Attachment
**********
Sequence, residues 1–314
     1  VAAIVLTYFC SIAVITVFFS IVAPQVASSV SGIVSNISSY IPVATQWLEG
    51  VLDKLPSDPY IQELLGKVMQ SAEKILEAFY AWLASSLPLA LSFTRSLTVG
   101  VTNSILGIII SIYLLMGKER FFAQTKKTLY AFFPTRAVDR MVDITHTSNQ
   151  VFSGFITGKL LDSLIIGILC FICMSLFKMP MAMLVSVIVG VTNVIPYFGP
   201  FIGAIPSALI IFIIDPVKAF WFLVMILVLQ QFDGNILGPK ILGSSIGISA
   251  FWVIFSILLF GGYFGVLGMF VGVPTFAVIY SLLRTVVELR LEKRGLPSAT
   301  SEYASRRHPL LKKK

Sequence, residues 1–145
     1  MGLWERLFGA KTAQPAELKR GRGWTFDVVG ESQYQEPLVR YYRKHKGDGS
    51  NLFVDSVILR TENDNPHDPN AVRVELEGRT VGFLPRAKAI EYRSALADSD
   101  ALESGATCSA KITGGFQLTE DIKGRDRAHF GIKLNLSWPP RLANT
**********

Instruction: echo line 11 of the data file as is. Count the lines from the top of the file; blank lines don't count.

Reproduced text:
    51  NLFVDSVILR TENDNPHDPN AVRVELEGRT VGFLPRAKAI EYRSALADSD